In the second performance of the Sadler’s new season to take to a gig stage (Hofesh Shechter appeared at the Brixton Academy in October) Kathak and contemporary star Akram Khan brings a brand new production to the Roundhouse.
Khan explores the ancient story, from the Sanskrit poem of the Mahabharata, of Amba, an Indian princess abducted on her wedding day. Spurned now by her true love, Amba vows to wreak revenge on her kidnapper Bheeshma, finally defeating him in her second life as the warrior Shikhandi.
Set in the round, the stage is a slab of wood pierced through with spear-like bamboo. Dancer Christine Joy Ritter is first to enter as Shikhandi, a panther-like force moving like an animal in familiar territory. Ching-Ying Chien as Amba is a small, precise figure with a flying sheet of black hair, so articulate in every movement that her toes land one by one even in walking.
Akram Khan is the marauding Bheeshma, first perpetrator then victim of Amba/Shikhandi's cool-headed revenge.
The pure dance talent of this trio is mind-boggling, too much in fact for the rather unvaried, relentless material that fills the middle of the piece. Exchanges between the three are abstract, and insufficiently distinct for the narrative style set up at the opening of the work.
Thankfully the opening and ending sections are poetic scenes, and the final tableau a ravishing vision of vengeance delivered.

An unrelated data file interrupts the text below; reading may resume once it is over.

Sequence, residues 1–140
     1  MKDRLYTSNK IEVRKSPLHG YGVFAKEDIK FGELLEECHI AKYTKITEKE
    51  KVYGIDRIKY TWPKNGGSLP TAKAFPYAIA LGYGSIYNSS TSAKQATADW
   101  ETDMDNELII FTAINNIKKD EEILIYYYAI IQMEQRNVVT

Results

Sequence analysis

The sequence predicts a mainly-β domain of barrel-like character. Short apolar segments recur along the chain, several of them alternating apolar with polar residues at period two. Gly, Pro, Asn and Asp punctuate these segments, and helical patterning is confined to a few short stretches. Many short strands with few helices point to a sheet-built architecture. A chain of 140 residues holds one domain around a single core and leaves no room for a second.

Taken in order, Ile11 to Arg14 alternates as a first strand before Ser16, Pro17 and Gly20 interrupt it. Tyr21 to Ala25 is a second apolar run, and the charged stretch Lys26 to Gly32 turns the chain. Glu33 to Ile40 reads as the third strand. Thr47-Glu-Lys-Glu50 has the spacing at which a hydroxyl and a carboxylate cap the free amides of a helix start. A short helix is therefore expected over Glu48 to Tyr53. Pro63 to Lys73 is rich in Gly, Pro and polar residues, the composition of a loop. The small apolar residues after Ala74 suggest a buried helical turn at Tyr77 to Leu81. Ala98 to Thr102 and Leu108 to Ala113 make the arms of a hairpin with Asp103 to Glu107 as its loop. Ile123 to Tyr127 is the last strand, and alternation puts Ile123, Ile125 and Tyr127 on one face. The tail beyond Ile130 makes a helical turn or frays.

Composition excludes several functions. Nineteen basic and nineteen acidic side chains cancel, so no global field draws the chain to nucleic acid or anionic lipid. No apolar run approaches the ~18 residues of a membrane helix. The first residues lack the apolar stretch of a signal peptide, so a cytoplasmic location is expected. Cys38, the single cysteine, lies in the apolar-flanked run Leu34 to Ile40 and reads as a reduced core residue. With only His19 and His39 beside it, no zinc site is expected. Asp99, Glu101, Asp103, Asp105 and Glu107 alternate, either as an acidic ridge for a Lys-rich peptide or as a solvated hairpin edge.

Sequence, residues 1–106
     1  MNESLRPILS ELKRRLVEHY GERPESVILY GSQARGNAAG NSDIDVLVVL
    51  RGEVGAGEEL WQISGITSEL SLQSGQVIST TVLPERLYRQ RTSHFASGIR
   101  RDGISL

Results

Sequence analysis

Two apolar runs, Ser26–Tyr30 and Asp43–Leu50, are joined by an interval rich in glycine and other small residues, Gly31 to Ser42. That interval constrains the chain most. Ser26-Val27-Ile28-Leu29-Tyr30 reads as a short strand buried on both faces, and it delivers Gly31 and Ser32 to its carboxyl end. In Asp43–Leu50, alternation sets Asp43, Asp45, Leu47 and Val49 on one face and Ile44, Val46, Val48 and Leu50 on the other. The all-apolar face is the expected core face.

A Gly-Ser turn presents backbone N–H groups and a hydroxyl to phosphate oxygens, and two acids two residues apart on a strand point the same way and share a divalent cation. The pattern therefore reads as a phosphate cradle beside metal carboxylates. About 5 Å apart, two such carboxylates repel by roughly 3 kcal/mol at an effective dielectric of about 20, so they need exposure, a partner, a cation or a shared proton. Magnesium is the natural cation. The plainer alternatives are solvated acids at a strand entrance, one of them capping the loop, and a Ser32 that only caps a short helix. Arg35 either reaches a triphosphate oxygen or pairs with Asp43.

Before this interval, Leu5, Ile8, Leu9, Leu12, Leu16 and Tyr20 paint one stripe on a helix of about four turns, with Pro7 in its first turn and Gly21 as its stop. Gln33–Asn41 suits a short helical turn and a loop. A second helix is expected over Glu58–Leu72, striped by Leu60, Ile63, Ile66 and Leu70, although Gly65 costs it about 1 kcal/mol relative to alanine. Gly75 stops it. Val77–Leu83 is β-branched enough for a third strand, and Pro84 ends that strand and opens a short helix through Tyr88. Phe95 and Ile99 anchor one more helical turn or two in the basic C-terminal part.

Traditional music comes from regular Khan collaborator David Azurza and musicians Sohini Alam and Yaron Engler. Khan reunites much of the team behind his 2011 success, DESH, a work of gorgeous visual trickery, including the visual artist Tim Yip (Crouching Tiger, Hidden Dragon), award-winning lighting designer Michael Hulls, and dramaturg Ruth Little.
The whole is based on poet Karthika Nair's version of the myth, taking its name from the proverb 'Until the lions have their own historians, the history of the hunt will always glorify the hunter.'
It must be difficult being Akram Khan. His unique blend of traditional Kathak dance and contemporary Western movement has led him to wow audiences at the Olympic opening ceremony, setting the bar almost impossibly high. English National Ballet’s Dust was so powerful our reviewer barely remembered to breathe.
Parts of Until the Lions reach those lofty heights, re-ascending after a disappointing dip. An unforgettable show is just an edit away.
You can catch film of the Until the Lions rehearsals LIVE on Periscope TV here in the week leading up to opening. Get involved behind the scenes!
|What||Akram Khan Company: Until the Lions, The Roundhouse|
Chalk Farm Road, London, NW1 8EH | MAP
|Nearest tube||Chalk Farm (underground)|
09 Jan 16 – 24 Jan 16, Previews Sat 9 & Mon 11
|Website||Click here to book via the Sadler's Wells website|